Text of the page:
CVS Stops Selling CigarettesA major pharmacy retailer finally takes a stand. According to recent reports CVS stops selling cigarettes and all other tobacco products in their chain of 7,600 stores across the nation by October 1st, 2014. Smoking alone affects many people across the country, and even though the rate of smokers in the United States has dropped in recent years it still causes a major health concern. The Surgeon General reports that

16 million people have at least one disease from smoking

Smoking accounts for 480,000 deaths annually

Causes 9 out of 10 cases of lung cancer

With so many issues arising related to health care and with our nation striving for a healthier status, CVS feels that they are moving in the right direction. For a company that promotes health care this makes complete sense. Selling something this detrimental to one’s health doesn’t exactly promote initiatives towards providing quality care. This is a major step for the retail chain and is going to be quite expensive, so the real question is whether or not their decision is going to set them apart or leave them with a cloud of smoke. Tobacco sales in drugstores are only a small fraction of the industry sales. None the less this move could be the move that creates a positive ripple effect nationwide.

CVS Stops Selling CigarettesCVS/pharmacy hopes to create a competitive advantage with their move to offer in store clinics, so patients will have an alternative to long waits at the doctor’s office. Although, CVS/pharmacy will have to keep their current relationships with health systems in the U.S. along with continuing to grow and find new relationships in order to really be successful. This comes at a perfect time, with the FDA recently launching its Real Cost Campaign, in hopes to educate America’s youth on the magnitude of tobacco use on one’s health. It is still early in the process of this shift towards promoting quality health care for people across America, but with companies like CVS/pharmacy taking a stand it helps the push nationwide in the anti-tobacco movement.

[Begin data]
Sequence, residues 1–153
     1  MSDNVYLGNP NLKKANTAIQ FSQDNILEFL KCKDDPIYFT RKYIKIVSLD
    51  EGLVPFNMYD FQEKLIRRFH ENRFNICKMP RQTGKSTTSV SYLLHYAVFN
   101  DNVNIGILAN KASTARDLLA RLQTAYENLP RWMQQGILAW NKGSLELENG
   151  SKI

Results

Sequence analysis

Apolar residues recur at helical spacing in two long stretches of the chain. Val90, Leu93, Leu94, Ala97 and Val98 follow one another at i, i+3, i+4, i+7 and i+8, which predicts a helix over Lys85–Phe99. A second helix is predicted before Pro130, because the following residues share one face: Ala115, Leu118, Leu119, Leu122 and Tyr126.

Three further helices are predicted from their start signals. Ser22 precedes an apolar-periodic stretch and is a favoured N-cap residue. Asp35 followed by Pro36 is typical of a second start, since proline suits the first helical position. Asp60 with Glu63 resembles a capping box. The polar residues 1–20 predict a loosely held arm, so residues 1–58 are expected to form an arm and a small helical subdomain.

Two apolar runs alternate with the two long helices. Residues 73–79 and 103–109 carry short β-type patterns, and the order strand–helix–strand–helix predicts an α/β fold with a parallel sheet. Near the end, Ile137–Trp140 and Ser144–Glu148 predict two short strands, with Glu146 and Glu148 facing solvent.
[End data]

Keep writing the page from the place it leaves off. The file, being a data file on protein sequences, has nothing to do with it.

“It just doesn’t make sense, if you exist to promote health and you sell one of the major causes of death in the U.S.,” said Otis Brawley, chief medical officer at the American Cancer Society.